Case studies of a selection of individuals and their families helped to elaborate the results from the comparison of the results of the questionnaire study. These demonstrate that within the Palestinian culture that sees itself as under a harsh occupation many families could accept that one of their members could become a Shaheed. However, those families who are particularly open to discussion and religious may be more likely to implicitly or explicitly support one of their members to make the ultimate sacrifice for their cause.

This study intended to put forward a list of indicators whereby families at risk of having a member contemplating to commit an act of suicide bombing belonging to a society similar to the Palestinian society would be able to realise that a member is at risk of committing such a suicidal attack. Individuals undertaking suicide operations seem to be high on Received Inclusion on the FIRO-B, this means that these people are quite popular hence they should be encouraged to go into politics in order to bring change in socially acceptable manners. This coupled with the fact that Shaheeds were also found on the FIRO-B to appreciate Expressed Inclusion, wanting to be popular does help a person who decides to go into politics. The fact that Shaheed families are very strong in cohesion, expression of opinion in the family, and low on anger may be conducive so that family members will be knowledgeable of the wishes or intentions passing through the other member’s mind. Similarly to prior acts of suicide being committed, during certain political scenarios words and other parlance relating to suicide operations should not be ignored. However, the fact that Shaheeds seem to be low as regards to Received Control on the FIRO-B means that they may be convinced that the only way a change can be brought about is by a suicide operation. In addition to this it may be difficult to change their cognitive patterns especially due to the fact that this is coupled with a strong element of religiosity, hence the individual may see his suicide operation as a vocation or as wanted by a higher entity since Allah hu Akbar (God is Great). This research project pinpoints factors and possibly proposes intervention strategies that will help families of Shaheeds to channel the energy and will of the members to commit a suicidal operation into another act leading towards alternate behaviour that is less destructive but nonetheless will help his/her aggravated community with much less destruction albeit with great might.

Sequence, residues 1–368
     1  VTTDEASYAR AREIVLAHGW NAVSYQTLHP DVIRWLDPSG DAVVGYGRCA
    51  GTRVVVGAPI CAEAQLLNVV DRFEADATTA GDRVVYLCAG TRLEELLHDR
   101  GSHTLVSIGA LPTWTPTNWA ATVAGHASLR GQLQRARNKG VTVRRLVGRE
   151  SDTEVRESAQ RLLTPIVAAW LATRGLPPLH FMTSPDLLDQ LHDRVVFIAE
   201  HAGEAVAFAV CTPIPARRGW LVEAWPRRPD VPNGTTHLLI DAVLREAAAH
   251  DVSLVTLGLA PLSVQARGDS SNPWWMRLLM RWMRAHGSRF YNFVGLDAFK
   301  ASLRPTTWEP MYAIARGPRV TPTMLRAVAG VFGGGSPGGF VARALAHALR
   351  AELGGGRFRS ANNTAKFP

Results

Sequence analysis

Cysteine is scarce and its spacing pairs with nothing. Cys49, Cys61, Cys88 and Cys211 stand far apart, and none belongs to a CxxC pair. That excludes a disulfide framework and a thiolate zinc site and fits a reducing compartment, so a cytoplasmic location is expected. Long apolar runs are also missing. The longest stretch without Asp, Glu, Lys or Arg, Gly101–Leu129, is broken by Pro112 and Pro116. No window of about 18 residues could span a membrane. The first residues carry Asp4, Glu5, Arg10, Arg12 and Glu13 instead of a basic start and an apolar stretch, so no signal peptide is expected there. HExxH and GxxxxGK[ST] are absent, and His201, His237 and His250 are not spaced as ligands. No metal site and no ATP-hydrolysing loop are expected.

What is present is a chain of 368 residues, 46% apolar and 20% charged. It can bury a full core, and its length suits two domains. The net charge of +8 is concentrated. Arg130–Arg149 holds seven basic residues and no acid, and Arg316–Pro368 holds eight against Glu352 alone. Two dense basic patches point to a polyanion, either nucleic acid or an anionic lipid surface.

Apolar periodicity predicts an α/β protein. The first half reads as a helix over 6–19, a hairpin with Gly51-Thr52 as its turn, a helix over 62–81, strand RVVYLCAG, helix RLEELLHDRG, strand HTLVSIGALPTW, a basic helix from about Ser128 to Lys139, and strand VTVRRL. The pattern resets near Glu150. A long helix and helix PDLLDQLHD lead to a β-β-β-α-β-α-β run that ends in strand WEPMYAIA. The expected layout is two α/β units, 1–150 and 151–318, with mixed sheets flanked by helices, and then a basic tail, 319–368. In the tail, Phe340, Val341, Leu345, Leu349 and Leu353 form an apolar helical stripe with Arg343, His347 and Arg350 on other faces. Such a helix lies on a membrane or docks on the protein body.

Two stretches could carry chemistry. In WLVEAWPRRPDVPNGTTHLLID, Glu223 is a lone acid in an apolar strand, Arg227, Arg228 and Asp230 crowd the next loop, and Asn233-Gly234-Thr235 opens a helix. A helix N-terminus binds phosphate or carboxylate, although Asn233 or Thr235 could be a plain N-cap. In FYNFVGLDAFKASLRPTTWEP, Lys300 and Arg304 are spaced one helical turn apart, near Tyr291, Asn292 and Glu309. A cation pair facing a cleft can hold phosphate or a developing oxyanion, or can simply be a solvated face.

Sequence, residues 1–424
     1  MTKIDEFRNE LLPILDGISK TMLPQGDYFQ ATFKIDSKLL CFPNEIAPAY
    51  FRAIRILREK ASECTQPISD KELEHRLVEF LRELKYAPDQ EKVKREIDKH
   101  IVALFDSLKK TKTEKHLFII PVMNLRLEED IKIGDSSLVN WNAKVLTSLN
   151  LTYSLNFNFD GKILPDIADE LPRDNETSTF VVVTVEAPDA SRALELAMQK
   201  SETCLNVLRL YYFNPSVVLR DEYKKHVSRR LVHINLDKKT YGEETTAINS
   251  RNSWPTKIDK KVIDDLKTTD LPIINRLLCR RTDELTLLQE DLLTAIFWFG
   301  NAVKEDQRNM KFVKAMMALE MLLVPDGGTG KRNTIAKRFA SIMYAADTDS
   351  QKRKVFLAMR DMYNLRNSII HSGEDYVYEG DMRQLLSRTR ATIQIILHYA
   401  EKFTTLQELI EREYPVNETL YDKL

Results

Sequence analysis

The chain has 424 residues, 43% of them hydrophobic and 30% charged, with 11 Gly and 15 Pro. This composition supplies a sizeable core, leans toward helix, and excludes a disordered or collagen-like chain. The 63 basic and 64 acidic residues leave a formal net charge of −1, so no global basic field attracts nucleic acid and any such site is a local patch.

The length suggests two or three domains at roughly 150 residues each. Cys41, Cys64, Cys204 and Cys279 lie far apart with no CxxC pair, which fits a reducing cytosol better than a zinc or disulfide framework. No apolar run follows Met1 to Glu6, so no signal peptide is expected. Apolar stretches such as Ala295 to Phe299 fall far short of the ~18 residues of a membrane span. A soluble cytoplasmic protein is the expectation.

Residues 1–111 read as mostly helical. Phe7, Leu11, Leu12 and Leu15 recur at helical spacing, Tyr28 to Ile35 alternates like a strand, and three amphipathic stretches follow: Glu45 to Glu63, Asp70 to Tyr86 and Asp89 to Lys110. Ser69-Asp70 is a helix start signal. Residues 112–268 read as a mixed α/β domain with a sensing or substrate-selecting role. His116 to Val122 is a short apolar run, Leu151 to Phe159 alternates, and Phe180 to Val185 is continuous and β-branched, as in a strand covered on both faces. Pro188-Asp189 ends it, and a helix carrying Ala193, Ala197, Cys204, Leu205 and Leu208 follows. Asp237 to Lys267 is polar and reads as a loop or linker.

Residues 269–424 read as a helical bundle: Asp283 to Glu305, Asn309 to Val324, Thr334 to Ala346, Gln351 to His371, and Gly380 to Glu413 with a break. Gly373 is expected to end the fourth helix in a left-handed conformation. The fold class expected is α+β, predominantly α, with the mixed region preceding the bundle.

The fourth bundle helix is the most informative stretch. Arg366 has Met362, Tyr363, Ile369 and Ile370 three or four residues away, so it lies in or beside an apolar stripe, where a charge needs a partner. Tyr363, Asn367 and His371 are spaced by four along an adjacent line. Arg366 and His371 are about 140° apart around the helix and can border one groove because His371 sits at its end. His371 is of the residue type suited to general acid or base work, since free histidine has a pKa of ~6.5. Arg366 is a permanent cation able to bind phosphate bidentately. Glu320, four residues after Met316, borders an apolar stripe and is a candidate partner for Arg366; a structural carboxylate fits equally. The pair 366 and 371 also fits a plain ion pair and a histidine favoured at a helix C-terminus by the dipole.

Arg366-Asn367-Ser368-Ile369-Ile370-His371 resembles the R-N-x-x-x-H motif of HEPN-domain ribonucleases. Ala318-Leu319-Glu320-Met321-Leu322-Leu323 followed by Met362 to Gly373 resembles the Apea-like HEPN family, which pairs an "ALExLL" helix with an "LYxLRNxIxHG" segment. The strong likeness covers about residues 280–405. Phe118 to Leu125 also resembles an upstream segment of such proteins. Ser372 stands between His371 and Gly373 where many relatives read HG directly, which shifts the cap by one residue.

Item Type: Thesis (Doctoral)
Subjects: B Philosophy. Psychology. Religion > BF Psychology
B Philosophy. Psychology. Religion > BL Religion
Schools: School of Human and Health Sciences
Depositing User: Andrew Strike
Date Deposited: 22 Nov 2019 11:48
Last Modified: 22 Nov 2019 12:00
URI: http://eprints.hud.ac.uk/id/eprint/35112